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Powerful notebooks are coming down in price all the time and the Evesham Voyager X5 PM18 is yet another affordable machine with a good set of features. The Voyager X5 is not the first of its kind to arrive at the TrustedReviews offices, but it is one of the cheapest widescreen Centrino models we have seen to date.
With a 1.8GHz Pentium M745 processor and 512MB of PC2700 DDR SDRAM the Voyager X5 PM18 is powerful enough for most users, without driving up the cost too much. Adding to this is a Hitachi Travelstar 60GB 7,200 rpm hard drive with 8MB of cache and an ATI Mobility Radeon 9700 graphics card with 128MB of memory. Add all this up and you have a very good all-round laptop that is capable of handling a wide range of tasks.
The Voyager X5 complies fully to the Centrino standard and it uses the new Intel Pro/Wireless 2200BG network card, which means that you get support for both 802.11b and 802.11g wireless networks.
As this is a two spindle laptop, there is no floppy drive, but there is a DVD writer and Evesham has gone for a Multi drive, which can write to DVD-RAM as well as DVD-R/RW media, but unfortunately it can’t burn DVD+R/RW discs. This is a little disappointing, since most new drives will handle DVD+R/RW media, making the X5 a bit less versatile compared to the competition.
The 15.4in 1,280 x 800 display is fairly standard with the current crop of widescreen laptops and it’s a comfortable resolution to use, but it takes a little while to get used to if you’ve never used a widescreen display before.
The base specifications are very good, but specifications alone don’t make a good laptop. Let’s take a closer look at what ports are on offer and the general design of the chassis. On the front of the Voyager X5 is a single four-pin FireWire connector, optical S/PDIF, line out and a microphone connector. You’ll also find a memory card reader here, supporting SD, MMC and MemoryStick formats. A nice touch here is that it has built in dust protection in the shape of two small pieces of velvet that cover the opening, just like on a slot loading optical drive.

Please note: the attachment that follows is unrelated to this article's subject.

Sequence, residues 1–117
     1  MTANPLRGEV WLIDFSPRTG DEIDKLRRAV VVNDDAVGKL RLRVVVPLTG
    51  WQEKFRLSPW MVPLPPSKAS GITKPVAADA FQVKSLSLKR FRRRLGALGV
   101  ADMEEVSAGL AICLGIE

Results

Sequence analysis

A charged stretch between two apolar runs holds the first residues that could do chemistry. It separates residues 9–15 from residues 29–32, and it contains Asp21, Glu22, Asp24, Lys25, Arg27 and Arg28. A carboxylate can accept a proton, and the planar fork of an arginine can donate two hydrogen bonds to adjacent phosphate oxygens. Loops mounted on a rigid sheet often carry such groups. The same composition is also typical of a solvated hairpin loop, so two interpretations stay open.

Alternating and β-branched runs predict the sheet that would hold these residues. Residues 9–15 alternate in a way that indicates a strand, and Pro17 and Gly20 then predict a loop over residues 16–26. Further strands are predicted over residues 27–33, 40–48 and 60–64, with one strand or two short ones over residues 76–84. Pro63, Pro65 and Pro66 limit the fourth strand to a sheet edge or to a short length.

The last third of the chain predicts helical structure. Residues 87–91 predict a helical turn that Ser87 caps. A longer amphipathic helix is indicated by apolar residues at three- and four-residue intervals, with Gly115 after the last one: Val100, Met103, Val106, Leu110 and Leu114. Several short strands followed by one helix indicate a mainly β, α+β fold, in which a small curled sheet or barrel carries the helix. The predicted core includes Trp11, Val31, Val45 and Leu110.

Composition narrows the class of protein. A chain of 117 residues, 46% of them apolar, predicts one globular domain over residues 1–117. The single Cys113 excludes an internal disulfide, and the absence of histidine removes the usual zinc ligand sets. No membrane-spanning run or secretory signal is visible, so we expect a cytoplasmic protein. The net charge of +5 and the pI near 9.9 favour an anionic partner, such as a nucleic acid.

On the left hand side is a single Type II PC Card slot, the wired 10/100Mbit Ethernet connector and the 56k V.90 modem port. On the other side of the fan vent are a single USB 2.0 port, an S-Video output and a D-SUB connector. The back is fairly empty, as this is where the battery is located, so the only connectors you’ll find here are two USB 2.0 ports and the power socket. Finally on the right hand side is where you’ll find the optical drive.
This means that if you have any peripherals that use either serial or parallel connection, you won’t be able to connect them to the Voyager X5. That said, legacy devices are getting thinner on the ground these days so this shouldn’t be too much of a problem. However, what is a problem is the amount of noise that the Voyager X5 produces; even when it is not being worked very hard the fan spins up regularly with a whining noise that regularly changes pitch. This can be really irritating in a quiet environment and takes a lot of the shine off an otherwise attractive chassis.
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